Cultural sights - Capital Windhoek as the cultural centre
Windhoek is a peaceful capital. The number of modern buildings is increasing but there are still many beautiful historical buildings. On the Independence Avenue, the central shopping street, you can go shopping and strolling. Near the centre on a hill you find the three neat castles Heinitzburg, Schwerinsburg and Sanderburg. The Christ Church, the equestrian statue and the Tintenpalast are reminiscent of the European occupation. North-west of Windhoek lies the region Twyfelfontein, which accommodates mysterious age-old rock paintings and a fossilised forest as relics of bygone times. Visitors may suffer from shudders at the so-called Skeleton Coast. Numerous shipwrecks, which ran aground in the fog, rest on the seabed.
Experience - Exotic food and cultural dances
Traditional Namibian dishes are maize porridge with sauce but also exotic dishes like grilled caterpillars or warthog skin. In addition, you can see the colonial influence in the Namibian cuisine: they have many German pastries and dishes. Namibia is a country of craftspeople. Especially on the lively street markets, you can buy artistically decorated ostrich eggs, sets of cutlery, lamps or mirrors. As the country of diamonds Namibia also offers many semi-precious stones and minerals. Visitors who want to experience Namibia's wonderful nature should take a tour with a catamaran or plane. You can best get to know the country's rich culture with its wild music, sweeping dances and impressive arm and leg jewellery at the people's celebrations. City guides, for example in Windhoek, offer special tours, on which they show visitors their own borough – the simple, colourful houses; women who sew traditional dresses; or a salon, in which hairdressers work on elaborate cornrows for hours.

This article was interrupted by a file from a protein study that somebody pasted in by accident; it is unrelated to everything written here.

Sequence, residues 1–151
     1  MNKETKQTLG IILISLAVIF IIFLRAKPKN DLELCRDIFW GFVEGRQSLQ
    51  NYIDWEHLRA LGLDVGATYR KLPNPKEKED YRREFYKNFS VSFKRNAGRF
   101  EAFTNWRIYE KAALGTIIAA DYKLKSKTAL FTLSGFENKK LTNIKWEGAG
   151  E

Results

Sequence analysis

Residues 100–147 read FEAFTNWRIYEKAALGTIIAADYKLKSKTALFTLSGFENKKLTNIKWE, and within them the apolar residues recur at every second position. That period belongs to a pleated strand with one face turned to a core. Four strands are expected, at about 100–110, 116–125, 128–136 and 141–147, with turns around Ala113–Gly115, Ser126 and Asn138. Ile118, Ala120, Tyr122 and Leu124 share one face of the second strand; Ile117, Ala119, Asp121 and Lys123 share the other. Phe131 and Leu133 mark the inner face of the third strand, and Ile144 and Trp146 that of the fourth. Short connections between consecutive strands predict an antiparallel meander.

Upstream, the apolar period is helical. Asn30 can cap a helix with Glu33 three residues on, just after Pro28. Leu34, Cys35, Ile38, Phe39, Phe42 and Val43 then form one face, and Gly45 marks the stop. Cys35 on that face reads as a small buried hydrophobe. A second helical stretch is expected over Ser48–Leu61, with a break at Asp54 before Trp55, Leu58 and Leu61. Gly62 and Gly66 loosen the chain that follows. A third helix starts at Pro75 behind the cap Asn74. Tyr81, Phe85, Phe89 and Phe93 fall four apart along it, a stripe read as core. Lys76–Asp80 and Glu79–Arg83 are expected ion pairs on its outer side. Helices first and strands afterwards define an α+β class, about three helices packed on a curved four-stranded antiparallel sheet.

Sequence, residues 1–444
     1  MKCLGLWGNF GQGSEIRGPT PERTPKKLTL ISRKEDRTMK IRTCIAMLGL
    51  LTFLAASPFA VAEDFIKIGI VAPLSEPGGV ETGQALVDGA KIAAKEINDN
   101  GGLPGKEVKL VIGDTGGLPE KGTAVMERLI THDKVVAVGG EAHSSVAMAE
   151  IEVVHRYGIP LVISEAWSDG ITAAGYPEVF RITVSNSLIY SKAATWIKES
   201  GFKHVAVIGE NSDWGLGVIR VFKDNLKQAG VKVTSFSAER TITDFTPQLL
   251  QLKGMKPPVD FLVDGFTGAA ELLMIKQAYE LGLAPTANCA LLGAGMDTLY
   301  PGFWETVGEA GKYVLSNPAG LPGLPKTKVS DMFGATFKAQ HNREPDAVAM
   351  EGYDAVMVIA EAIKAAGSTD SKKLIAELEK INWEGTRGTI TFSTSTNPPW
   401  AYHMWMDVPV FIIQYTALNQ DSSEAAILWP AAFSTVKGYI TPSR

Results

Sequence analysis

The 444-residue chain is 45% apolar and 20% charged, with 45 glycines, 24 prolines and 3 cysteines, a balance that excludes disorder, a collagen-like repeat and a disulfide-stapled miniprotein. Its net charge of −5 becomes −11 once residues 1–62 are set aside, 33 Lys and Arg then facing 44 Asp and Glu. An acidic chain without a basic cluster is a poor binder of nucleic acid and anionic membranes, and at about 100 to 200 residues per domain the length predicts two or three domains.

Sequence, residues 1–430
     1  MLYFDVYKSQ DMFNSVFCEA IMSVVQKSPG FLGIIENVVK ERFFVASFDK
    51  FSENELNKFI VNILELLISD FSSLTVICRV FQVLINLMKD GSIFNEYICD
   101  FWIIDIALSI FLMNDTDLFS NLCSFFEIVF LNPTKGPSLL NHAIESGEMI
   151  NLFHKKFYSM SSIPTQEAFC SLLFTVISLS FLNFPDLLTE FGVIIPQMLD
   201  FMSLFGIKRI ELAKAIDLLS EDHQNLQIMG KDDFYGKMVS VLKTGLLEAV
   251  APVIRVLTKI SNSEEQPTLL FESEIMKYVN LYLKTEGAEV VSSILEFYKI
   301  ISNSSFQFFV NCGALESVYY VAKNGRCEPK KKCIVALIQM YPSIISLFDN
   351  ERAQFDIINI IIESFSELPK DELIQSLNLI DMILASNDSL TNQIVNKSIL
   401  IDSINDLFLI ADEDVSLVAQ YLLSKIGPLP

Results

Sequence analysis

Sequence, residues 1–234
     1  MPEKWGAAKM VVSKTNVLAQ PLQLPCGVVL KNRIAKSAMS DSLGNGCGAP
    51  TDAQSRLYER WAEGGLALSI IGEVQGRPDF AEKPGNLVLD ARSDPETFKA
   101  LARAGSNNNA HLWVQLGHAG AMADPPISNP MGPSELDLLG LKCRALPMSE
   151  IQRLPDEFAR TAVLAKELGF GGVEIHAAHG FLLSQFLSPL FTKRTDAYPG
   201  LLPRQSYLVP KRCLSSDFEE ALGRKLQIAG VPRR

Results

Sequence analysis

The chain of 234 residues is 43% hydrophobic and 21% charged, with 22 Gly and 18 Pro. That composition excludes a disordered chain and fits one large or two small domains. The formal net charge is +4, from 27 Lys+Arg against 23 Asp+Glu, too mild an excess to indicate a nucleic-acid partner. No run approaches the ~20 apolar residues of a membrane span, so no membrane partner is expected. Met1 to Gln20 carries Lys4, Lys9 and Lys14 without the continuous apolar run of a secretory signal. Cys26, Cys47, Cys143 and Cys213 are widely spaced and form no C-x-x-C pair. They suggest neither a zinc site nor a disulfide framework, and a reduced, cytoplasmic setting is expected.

Activities - Out and about in the desert landscape
The harsh, extreme desert landscape with its exotic fauna makes Namibia an excellent destination for safaris. Horse riding, Jeep or motorcycling tours are also possible. Another option are hiking tours through the vast, deserted area. Windhoek offers great conditions for surfing. An activity with a high fun factor is sandboarding, where you zoom down the desert dunes. Canoeing tours on the rivers which permanently carry water or in Walvis Bay, where you are accompanied by curious dolphins and seals, are real adventures.
Windhoek (WDH) and the seaport town Walvis Bay (WVB) are connected to international air traffic. In addition, many cities and farms have airfields which are used for tourist trips. You reach most parts of the country via streets but these are often not coated with asphalt. Trains run between several cities with the "Desert Express" between Windhoek and Swakopmund as the most famous route. The official language is English.
Namibia is a first rate travel destination for holidaymakers who want to get to know the characteristic African environment full of deserts and exotic animals. But the country is also a worthwhile destination for visitors who are interested in its special culture with African and German roots.